URA, as expected, has welcomed this development. Simon Ngabirano, the manager of service support in URA’s domestic tax department, said this was a “smart move” because it would boost the authority’s domestic tax base. He urged other service providers to follow the MTN example.
Already, URA is on a wide campaign to register mobile money agents of all the service providers. The tax body is working closely with MTN because of its bigger numbers compared to its peers.
In the new arrangement, all agents are required to prepare and file an annual returns report to URA that shows income, expenses and even any tax credit (withholding tax) that they may have.
Although they earn income, through the commission on every transaction they make, the majority of mobile money agents do not remit taxes to URA. Ngabirano noted that many agents thought the six per cent that service providers chopped off their commission was a final tax. It is not, he said.
Ngabirano said the agents can file either through a presumptive tax return or a business income tax return. The former is filed by individuals whose annual turnover is less than Shs 50m.
“Majority of mobile money agents fall in this [business income] category,” Ngabirano said. “You realise that they usually get commission of not more than Shs 1m per month.”
Whoever has a gross turnover of between Shs 10 and Shs 20m per year, their income tax is Shs 100,000. Those whose turnover is between Shs 20m and Shs 30m, their tax is Shs 250,000, according to URA. Those earning beyond Shs 50m are supposed to file under the corporate tax regime.
With an estimated 120,000 mobile money agents across the country, the authority would get Shs 12bn every year if all agents were to pay at least Shs 100,000. It is very likely that if more mobile money agents are dragged into the tax net, consumers of mobile money will have to incur higher charges as a coverup for the tax burden. Some agents complained of the delays in the issuance of TINs at some URA district offices.
“It takes more than a month to get a TIN in our district,” said Moses Dhikusoka, the leader of mobile money agents in Mayuge.
Ngabirano admitted there were delays but attributed them to the influx of applications, especially after government moved to process TIN numbers for all civil servants.
With an estimated 12 million Ugandans lacking access to financial services, the advent of mobile money in 2008 was seen as a leeway to boost informal banking. In close to six years, the four major mobile telecom companies (MTN, Airtel, UTL and Orange) have all developed mobile money transfer platforms.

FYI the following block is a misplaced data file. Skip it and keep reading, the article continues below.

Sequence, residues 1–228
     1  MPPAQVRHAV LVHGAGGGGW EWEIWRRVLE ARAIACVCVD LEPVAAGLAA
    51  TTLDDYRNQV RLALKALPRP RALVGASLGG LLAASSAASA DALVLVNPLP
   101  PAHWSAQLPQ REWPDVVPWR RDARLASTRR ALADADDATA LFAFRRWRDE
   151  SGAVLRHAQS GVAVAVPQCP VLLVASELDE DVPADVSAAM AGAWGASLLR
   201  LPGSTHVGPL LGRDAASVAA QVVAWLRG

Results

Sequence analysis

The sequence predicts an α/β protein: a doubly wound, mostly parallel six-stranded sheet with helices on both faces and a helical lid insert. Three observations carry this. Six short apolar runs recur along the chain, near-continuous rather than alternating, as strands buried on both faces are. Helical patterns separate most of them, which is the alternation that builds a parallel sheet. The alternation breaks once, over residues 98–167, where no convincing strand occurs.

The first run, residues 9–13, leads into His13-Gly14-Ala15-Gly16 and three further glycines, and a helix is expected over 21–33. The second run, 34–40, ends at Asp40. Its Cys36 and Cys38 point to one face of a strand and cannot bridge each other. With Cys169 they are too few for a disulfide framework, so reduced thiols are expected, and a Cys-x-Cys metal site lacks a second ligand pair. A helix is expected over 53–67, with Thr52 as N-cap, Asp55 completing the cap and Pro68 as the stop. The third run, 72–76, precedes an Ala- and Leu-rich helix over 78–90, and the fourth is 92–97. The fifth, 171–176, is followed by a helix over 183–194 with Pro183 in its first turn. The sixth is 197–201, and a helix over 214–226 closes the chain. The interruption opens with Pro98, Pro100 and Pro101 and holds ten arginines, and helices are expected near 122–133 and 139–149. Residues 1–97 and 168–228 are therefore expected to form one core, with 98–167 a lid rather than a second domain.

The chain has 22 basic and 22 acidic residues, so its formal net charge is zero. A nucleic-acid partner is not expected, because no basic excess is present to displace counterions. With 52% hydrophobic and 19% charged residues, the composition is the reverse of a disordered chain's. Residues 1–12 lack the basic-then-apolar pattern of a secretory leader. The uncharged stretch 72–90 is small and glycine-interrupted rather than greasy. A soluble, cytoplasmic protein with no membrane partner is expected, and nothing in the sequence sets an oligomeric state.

In December 2013, Bank of Uganda’s Deputy Governor Louis Kasekende announced that transfers in Uganda’s mobile money business had hit $640m (Shs 1.6 trillion), with an estimated 12 million users.
When she was releasing the Third Finscope survey in November last year, Sarah Ssewanyana, the executive director at the Economic Policy Research Centre, said the number of Ugandans opting for bank accounts had dropped by one percentage point between 2009 and 2013.
Instead, there was a threefold increase in the number of those opting for informal banking, especially mobile money, during the same time. This growth was related to the ease, convenience and a relatively lower cost of using mobile money services compared to other services.
Currently, according to an official from MTN who attended the MAF meeting, MTN Uganda has an estimated five million active mobile money users, a number that is higher than all bank accounts in the country.
These (service providers) want a legal framework that ensures safety of people’s money. Over the last three years, officials from the central banks and Finance ministries in the East African region have convened several meetings to come up with a uniform Mobile Money policy.
Bank of Uganda came up with regulations that took effect on October 1, 2013. But players insist a law is needed. The government is in advanced stages of drafting a bill to govern the mobile money sector, which would ultimately become a law, according to our sources.